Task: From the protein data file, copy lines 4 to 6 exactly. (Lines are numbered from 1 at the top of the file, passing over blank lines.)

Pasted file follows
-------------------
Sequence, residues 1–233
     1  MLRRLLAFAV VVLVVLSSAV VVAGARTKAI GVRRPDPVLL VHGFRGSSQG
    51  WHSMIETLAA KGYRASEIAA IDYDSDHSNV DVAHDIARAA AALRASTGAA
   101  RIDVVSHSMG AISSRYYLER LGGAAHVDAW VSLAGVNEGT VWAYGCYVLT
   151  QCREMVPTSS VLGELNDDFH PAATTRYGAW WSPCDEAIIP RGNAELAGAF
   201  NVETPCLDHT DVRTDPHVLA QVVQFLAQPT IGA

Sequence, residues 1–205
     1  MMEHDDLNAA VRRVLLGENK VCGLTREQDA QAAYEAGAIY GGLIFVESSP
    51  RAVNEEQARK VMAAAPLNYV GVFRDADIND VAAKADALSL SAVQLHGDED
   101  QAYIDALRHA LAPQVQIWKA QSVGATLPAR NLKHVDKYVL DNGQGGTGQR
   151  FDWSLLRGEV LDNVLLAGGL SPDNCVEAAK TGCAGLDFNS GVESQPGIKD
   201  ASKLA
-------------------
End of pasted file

   101  RIDVVSHSMG AISSRYYLER LGGAAHVDAW VSLAGVNEGT VWAYGCYVLT
   151  QCREMVPTSS VLGELNDDFH PAATTRYGAW WSPCDEAIIP RGNAELAGAF
   201  NVETPCLDHT DVRTDPHVLA QVVQFLAQPT IGA